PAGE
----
European nations struggle to agree on terms of economic aid
Brussels — European governments remained at loggerheads Wednesday over measures to help the economy weather the coronavirus outbreak, breaking off a meeting of finance officials who clashed over aid conditions and a proposal to borrow together to pay for the health crisis.
Finance ministers from the 19 countries that use the euro haggled into the night for 16 hours by videoconference starting Tuesday. The meeting ended without a deal is to resume Thursday.
European governments are scrambling to put together hundreds of billions of euros to save lives as well as companies and families from going bankrupt. Many countries hit hardest by the virus are also those that can least afford the costs, like Italy and Spain.
But they are divided over how best to tackle the challenge. Italy and Spain, backed by France, want to throw all the EU’s economic might into fighting the virus and damage from the disruption it has caused as soon as possible. The deadlock recalls the divisions from the eurozone debt crisis of 2010-2015.
On the table is a three-part package amounting to around a half-trillion euros ($550 billion). It consists of up to 240 billion euros in emergency loans from the eurozone's standing bailout fund, credit guarantees from the European Investment Bank to keep companies afloat, and support for short-work schemes that help companies avoid layoffs during what is hoped are temporary business interruptions.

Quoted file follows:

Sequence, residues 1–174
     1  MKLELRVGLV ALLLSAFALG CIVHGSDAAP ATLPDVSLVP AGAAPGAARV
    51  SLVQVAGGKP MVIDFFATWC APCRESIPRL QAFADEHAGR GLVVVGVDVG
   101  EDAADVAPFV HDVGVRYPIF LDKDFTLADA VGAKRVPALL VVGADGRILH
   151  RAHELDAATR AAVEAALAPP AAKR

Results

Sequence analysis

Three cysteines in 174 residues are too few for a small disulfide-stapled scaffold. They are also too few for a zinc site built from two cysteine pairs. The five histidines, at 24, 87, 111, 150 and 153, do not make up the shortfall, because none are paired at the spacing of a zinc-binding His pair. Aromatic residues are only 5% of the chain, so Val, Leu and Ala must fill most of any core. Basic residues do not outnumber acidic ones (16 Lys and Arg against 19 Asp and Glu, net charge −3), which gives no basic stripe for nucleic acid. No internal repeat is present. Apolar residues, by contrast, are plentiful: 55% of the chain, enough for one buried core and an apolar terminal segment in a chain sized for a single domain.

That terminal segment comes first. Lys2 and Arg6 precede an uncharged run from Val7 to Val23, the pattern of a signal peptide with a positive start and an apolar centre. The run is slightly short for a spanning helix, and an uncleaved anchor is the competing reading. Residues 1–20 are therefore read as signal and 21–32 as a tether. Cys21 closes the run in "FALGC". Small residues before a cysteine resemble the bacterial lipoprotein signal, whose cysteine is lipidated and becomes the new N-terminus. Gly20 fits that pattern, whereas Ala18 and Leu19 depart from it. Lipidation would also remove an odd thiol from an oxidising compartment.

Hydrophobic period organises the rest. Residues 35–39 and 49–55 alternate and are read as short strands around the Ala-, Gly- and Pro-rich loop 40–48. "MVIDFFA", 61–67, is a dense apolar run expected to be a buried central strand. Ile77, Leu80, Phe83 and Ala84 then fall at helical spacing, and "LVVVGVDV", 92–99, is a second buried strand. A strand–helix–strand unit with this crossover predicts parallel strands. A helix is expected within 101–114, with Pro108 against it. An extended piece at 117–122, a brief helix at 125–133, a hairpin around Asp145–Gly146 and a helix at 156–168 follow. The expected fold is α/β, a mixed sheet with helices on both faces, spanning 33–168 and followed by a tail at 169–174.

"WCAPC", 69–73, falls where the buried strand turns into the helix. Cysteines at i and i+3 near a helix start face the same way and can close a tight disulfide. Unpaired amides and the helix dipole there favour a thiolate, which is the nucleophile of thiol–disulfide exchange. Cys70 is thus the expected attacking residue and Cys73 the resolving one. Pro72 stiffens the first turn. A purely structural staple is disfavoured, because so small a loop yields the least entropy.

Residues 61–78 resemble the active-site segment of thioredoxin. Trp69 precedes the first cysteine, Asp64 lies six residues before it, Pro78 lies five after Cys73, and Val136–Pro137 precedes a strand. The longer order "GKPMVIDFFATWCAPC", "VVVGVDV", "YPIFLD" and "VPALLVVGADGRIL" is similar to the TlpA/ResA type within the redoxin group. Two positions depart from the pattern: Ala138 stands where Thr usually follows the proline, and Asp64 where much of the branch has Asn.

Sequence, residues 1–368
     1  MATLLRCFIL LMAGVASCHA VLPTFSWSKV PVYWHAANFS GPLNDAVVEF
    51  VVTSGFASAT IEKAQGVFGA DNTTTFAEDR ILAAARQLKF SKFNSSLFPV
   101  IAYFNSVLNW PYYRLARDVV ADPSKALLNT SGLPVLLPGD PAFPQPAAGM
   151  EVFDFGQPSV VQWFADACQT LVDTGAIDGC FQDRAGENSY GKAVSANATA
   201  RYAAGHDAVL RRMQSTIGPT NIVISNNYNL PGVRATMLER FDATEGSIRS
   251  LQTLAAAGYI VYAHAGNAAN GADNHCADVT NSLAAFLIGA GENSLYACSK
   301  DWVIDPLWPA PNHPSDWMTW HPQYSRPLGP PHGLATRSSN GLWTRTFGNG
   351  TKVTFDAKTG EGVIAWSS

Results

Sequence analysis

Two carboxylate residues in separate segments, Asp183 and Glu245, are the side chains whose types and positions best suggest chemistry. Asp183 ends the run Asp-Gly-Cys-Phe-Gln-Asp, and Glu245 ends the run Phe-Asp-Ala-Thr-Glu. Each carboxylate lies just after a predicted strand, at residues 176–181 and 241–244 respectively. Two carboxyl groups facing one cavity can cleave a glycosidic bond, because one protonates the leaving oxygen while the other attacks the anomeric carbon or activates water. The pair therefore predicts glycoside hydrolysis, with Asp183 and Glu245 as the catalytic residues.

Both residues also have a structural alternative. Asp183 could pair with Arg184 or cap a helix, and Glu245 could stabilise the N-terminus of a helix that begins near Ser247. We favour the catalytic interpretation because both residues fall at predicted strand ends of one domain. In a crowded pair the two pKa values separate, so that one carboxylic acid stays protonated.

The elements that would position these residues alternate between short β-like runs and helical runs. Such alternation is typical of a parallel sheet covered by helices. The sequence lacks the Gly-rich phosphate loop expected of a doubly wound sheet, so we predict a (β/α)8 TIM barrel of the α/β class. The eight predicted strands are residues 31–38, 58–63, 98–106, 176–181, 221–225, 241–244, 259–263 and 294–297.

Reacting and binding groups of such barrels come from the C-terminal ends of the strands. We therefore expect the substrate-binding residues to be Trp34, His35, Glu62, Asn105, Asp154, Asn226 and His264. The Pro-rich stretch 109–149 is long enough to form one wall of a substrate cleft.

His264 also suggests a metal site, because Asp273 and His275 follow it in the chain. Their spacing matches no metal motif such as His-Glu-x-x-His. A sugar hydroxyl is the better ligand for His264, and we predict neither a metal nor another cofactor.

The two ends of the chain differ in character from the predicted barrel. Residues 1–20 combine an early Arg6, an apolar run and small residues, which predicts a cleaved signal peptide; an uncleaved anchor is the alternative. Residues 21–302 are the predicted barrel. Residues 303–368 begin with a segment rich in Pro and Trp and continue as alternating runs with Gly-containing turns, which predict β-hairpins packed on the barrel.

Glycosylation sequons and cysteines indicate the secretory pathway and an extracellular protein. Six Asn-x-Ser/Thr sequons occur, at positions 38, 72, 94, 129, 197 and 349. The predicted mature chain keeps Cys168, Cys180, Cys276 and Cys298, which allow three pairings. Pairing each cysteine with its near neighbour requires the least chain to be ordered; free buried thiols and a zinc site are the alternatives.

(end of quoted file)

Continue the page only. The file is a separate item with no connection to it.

Italy has rejected using the bailout fund, the European Stability Mechanism. One reason is that the money is supposed to come with conditions to carry out economic reforms, based on the fund's original purpose as a bailout refuge for troubled countries. Italy argues that makes the ESM the wrong tool since the virus is no country's fault. Prime Minister Giuseppe Conte has dismissed the bailout fund as “totally inadequate.” Germany has proposed waiving most conditions on the money, but the Netherlands has pushed for requiring reform promises.
The issue of conditions raises the spectre of the harsh austerity imposed on Greece after its three bailouts during the debt crisis, with deep cuts in spending and salaries, official visits by an enforcement committee and the perception of a loss of national sovereignty.
German Finance Minister Olaf Scholz said he and his peers were close to a deal on the bailout loans, company support and short-work schemes. “We are mostly in agreement but not quite all the way,” he said, citing the need for unanimity over conditions for the ESM loans and that he expected agreement before the end of the week.
He said the position of Germany and other countries was that loans should come with minimal conditions and “should not mean that, as happened 10 years ago, commissars or a troika travel to the countries and develop a program for the long-term.”
Italy, backed by France, Spain and six other countries, had pushed to go even farther than using the ESM and rely on a shared bond issue backed by all countries to raise money at low interest rates and favorable conditions such as long repayment. Germany and the Netherlands have resisted common borrowing. Scholz said there had been discussions about a longer-term recovery program that could be discussed separately from the three aid programs under discussion but did not provide details.
French Finance Minister Bruno Le Maire tweeted that he and Scholz “call on all European states to rise to the exceptional challenges to reach an ambitious agreement.”
McHugh contributed from Frankfurt, Germany.
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